And foft Belinda's blufh for ever glow.

Oh! lafting as those colours may they shine!
Free as thy ftroke, yet faultlefs as thy line;
New graces yearly like thy works display,
Soft without weaknefs, without glaring gay;
Led by fome rule that guides, but not constrains,
And finish'd more thro' happiness than pains:
The kindred arts fhall in their praise confpire,
One dip the pencil, and one ftring the lyre.
Yet fhould the Graces all thy figures place,
And breathe an air divine on ev'ry face;
Yet fhould the Muses bid my numbers roll
Strong as their charms, and gentle as their soul;
With Zeuxis' Helen thy Bridgewater vie,
And these be fung till Granville's Myra die :
Alas! how little from the grave we claim !
Thou but preferv'ft a face, and I a name.

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EPISTLE

EPISTLE IV.

To Mifs Blount, with the Works of Voiture, 1717.

IN

thefe gay thoughts the Loves and Graces fhine, And all the writer lives in ev'ry line;

His eafy art may happy nature seem;
Trifles themfelves are elegant in him.
Sure to charm all was his peculiar fate,
Who without flatt'ry pleas'd the fair and great;
Still with efteem no lefs convers'd than read;
With wit well-natur'd, and with books well-bred :
His heart his miftrefs and his friend did fhare,
His time the Mufe, the witty, and the fair.
Thus wifely carelefs, innocently gay,
Cheerful he play'd the trifle life away,
Till Fate fcarce felt his gentle breath fuppreft,
As fmiling infants fport themselves to reft.
E'en rival wits did Voiture's death deplore,
And the gay mourn'd, who never mourn'd before;
The trueft hearts for Voiture heav'd with fighs;
Voiture was wept by all the brightest eyes:
The Smiles and Loves had dy'd in Voiture's death,
But that for ever in his lines they've breath.
Let the ftrict life of graver mortals be

A long, exact, and ferious comedy;
In ev'ry scene some moral let it teach,

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And, if it can, at once both please and preach :
Let mine an innocent gay farce appear,
And more diverting ftill than regular;
Have humour, wit, a native eafe and grace,
Tho' not too ftrictly bound to time and place.
Critics in wit or life are hard to please;
Few write to thofe, and none can live to these.
Too much your sex is by their forms confin'd,
Severe to all, but most to womankind:
Cultom, grown blind with age, must be your guide;
Your pleasure is a vice, but not your pride;
By nature yielding, ftubborn but for fame,
Made flaves by honour, and made fools by fhame.
VOL. II.

P

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Mariage

Marriage may all those petty tyrants chase,
But fets up one, a greater, in their place:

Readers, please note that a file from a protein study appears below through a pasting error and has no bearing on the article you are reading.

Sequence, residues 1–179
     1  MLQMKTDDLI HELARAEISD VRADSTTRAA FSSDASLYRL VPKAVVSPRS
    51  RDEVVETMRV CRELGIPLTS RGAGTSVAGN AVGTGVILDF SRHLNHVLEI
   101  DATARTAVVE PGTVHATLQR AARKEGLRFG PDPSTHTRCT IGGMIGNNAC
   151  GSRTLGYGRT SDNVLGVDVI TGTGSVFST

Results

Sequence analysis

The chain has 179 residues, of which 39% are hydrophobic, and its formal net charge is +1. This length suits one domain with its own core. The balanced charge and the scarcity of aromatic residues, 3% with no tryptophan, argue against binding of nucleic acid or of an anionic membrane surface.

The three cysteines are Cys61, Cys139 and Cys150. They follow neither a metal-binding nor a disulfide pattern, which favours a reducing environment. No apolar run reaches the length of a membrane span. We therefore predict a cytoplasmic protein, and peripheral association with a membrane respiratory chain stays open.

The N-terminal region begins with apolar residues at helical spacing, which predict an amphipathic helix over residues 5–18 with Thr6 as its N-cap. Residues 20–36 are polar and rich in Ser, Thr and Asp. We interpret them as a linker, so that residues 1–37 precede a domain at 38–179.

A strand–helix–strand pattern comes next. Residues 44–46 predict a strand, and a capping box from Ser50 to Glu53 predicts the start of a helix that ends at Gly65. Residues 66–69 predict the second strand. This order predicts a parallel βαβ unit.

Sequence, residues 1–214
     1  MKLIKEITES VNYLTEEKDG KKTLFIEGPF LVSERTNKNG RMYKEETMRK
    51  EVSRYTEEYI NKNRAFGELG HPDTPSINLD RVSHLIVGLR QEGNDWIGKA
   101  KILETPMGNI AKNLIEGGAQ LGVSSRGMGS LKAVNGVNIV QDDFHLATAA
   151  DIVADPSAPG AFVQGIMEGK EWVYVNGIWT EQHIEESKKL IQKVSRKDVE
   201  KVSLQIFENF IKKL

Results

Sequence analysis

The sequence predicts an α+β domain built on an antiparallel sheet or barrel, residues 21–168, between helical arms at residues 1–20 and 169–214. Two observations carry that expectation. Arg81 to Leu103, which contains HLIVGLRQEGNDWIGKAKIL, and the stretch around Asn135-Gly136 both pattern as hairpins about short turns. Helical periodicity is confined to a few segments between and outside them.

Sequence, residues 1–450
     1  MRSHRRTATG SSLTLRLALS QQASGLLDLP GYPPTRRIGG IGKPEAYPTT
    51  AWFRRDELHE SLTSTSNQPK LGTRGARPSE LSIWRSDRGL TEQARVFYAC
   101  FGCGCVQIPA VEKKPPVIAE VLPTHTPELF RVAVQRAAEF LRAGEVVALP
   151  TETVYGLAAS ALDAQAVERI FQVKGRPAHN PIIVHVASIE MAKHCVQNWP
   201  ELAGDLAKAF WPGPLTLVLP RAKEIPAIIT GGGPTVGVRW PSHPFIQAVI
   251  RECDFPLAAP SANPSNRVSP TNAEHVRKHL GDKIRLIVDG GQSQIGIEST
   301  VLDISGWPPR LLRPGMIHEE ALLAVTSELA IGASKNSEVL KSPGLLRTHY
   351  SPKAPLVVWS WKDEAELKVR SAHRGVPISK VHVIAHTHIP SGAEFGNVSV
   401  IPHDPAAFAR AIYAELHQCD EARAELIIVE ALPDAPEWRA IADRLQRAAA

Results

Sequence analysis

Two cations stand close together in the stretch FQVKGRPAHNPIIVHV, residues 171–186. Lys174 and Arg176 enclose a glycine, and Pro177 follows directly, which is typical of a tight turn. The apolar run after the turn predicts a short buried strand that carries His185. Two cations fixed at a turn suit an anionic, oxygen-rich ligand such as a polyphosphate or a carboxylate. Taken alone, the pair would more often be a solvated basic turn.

Well might you with for change by thofe accurft;
But the laft tyrant ever proves the worst.
Still in constraint your fuff 'ring fex remains,
Or bound in formal or in real chains:

Whole years neglected for fome months ador'd,
The fawning fervant turns a haughty lord.
Ah! quit not the free innocence of life
For the dull glory of a virtuous wife;
Nor let falfe fhews nor empty titles please:
Aim not at joy, but reft content with ease.

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The gods, to curse Pamela with her pray❜rs,
Gave the gilt coach and dappled Flanders mares,
The fhining robes, rich jewels, beds of state,
And, to complete her bliss, a fool for mate.
She glares in balls, front-boxes, and the ring,
A vain, unquiet, glitt'ring, wretched thing!
Pride, pomp, and ftate, but reach her outward part;
She fighs, and is no duchefs at her heart.

But, Madam, if the Fates withstand, and you
Are deftin'd Hymen's willing victim too,
Truft not too much your now refiftless charms,
Those age or fickness, foon or late, disarms;
Good humour only teaches charms to last,
Still makes new conquefts, and maintains the past.
Love rais'd on beauty will like that decay;
Our hearts may bear its flender chain a day,
As flow'ry bands in wantonnefs are worn,
A morning's pleasure, and at ev'ning torn;
This binds in ties more eafy, yet more strong,
The willing heart, and only holds it long.

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Thus Voiture's early care * ftill fhone the fame, And Monthaufier was only chang'd in name: By this e'en now they live, e'en now they charm, Their wit ftill fparkling, and their flames still warm. Now crown'd with myrtle on th' Elyfian coaft, Amid thofe lovers joys his gentle ghost;

Mademoiselle Paulet,

Pleas'd